Her body softened again. There was a twinkle in her bloodshot eyes. And the left part of her mouth went up in a smile.

“I want you to marry me again.”

This caught him off guard. He expected something more sinister, more insane. But then, he thought, this request was pretty freaking insane. Their divorce was never actually completed. Just started. He couldn’t help but wonder if this were some kind of trap.

“You want what?”

“To take me back, as your wife.”

Anston wrinkled his brow. She couldn’t have been serious.

“What’s your game, Alice?”

Her face was now blank. She shook her head slightly.

“No game. You dumped me. Then you put me in that, in that…place, messing up my life, and you never gave me a chance, and I—”

“I put you in that place because you needed it.”

“Says who? I-I’m perfectly normal.”

Anston resisted his urge to laugh at her. Normal was definitely not the word he would have used to describe her. Even her eyes were going crazy as they rapidly changed dilation. She reminded him of that old drug addict he used to see in the park talking to invisible ducks. That guy was always on something. If not for the fact that she was certifiably insane, he’d suspect she was on those same chemicals.

“You screamed in your sleep.”

“I had bad dreams.”

“You cut the eyeballs out of newspaper photos.”

“I wanted to see through the eyes of famous people.”

“You tried to set the cat on fire.”

“I was allergic!”

Anston braved a step closer to her. She noticed, and she put the lighter within a few inches of the rod. She still hadn’t flicked the flint.

“Don’t come any closer,” she said.

“What do you want with my fishing rod?”

She laughed.

“I want to burn it.”

“Why? Isn’t your gripe with me?”

“You love this pole. You love it more than you love me. I have to burn it. You’ve always put it before me.”

“That’s not true, honey. I don’t love the pole more than you.”

She moved the lighter another inch closer. Anston flinched.

“You do love it more than me!”

“Alice, stop! Smell the gas? You’ll blow up the house. Or yourself. Or you’ll burn your fingers off.” He struggled with the facts he knew and scratched his head while he tried to summon any memory of high school science. “I don’t know chemistry, but something bad will happen I’m sure.”

“Then maybe you’ll fulfill your promise to me.”

“What promise?”

“That you’ll be with me ‘til the day we die.”

Anston took a step back. Maybe she understood chemistry better than he did. Maybe she would blow up the house. He had only one chance to get this right. And, quite frankly, he didn’t know what that chance meant. He didn’t trust her in the slightest.

“I don’t love the pole more than you,” he said. “And to prove it, I’ll grant you your request.”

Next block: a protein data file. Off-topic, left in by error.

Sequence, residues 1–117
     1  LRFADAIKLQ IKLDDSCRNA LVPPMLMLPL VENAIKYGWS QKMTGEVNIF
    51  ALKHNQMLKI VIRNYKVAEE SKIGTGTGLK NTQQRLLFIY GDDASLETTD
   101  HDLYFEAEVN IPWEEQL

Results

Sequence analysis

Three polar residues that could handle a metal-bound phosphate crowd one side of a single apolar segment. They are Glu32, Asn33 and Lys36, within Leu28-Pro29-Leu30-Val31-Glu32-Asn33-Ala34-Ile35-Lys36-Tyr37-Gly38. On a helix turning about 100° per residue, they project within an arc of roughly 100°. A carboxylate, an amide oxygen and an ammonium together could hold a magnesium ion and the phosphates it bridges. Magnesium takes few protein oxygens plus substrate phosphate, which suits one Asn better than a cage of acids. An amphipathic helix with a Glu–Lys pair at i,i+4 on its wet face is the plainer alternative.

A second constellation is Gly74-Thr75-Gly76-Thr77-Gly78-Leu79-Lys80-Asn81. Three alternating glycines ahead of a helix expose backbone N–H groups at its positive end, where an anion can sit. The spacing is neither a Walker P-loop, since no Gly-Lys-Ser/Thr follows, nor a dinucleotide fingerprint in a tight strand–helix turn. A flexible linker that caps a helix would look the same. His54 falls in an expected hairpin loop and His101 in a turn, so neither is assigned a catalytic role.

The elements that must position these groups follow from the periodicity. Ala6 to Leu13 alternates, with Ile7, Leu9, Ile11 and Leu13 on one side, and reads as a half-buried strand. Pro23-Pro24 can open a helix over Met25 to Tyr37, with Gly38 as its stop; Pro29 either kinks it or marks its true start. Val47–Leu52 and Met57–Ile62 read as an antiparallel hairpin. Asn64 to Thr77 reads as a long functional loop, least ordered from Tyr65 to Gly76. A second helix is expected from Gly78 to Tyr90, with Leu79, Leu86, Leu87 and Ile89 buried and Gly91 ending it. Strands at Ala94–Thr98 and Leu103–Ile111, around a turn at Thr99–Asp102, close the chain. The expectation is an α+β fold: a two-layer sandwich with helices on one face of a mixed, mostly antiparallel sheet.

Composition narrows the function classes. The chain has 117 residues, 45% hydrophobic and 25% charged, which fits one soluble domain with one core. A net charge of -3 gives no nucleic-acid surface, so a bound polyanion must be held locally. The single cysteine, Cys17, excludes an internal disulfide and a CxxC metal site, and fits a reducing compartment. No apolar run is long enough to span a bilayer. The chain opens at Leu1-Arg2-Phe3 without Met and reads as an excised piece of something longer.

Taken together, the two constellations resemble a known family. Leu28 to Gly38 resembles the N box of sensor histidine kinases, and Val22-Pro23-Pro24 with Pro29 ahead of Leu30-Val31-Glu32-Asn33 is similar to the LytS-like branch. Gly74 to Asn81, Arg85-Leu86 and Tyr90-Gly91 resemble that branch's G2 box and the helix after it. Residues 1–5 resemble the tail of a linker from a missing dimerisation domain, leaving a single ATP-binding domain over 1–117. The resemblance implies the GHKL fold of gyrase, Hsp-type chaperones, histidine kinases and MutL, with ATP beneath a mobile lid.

“Which request?

Anston was confused. Had there been more than one? He replayed the conversation in his head on fast-forward. He was pretty sure she had made only one.

“The one you came here for.”

“You’ll marry me again?” Her lips turned upward and her teeth sparkled.

They were still married, he thought. Legally, at any rate. Perhaps she’d been locked away for so long that she’d lost touch with all forms of reality, not just the tangible kind.

“Just turn off the gas, air out the room, and dispose of the lighter.”

“Don’t know what you’re talking about. I didn’t turn on the gas.”

Anston was about to challenge her, but stopped when he reminded himself that she was the one with the lighter in hand. It was better not to challenge a fool with the words of a fool. He’d let that one go.

“Okay, just turn it off and we’ll talk about marriage.”

“What’s the proper way to give me a request?”

“Please.”

“Please what?”

“What do you mean, ‘please what?’ Nothing follows ‘please.’”

“Please, sweetheart.”

Anston pinched the bridge of his nose. He was nauseous, anxious, and getting restless.

“Right. Please, sweetheart.”

Where was that tire iron?

Alice considered his words. And she looked normal doing it—no left eye twitching or anything. Not now. She was suddenly in control of her stature. This scared Anston.

“There’s nothing to talk about,” she said. “We marry tomorrow. We consummate tonight. I’ll be in the bedroom waiting. You better be in there after you clean up that bathroom.”

“Okay.”

To his relief, she placed the fishing rod back on the hooks—they looked tarnished, as though her very presence had sucked the luster out of them. Then she pocketed the lighter.

“I’m gonna make you a believer in love again, s-sweetheart,” she said. “Mark my words.”

“Okay.”

“I’ll be unclothed,” she said. “You better be, too.”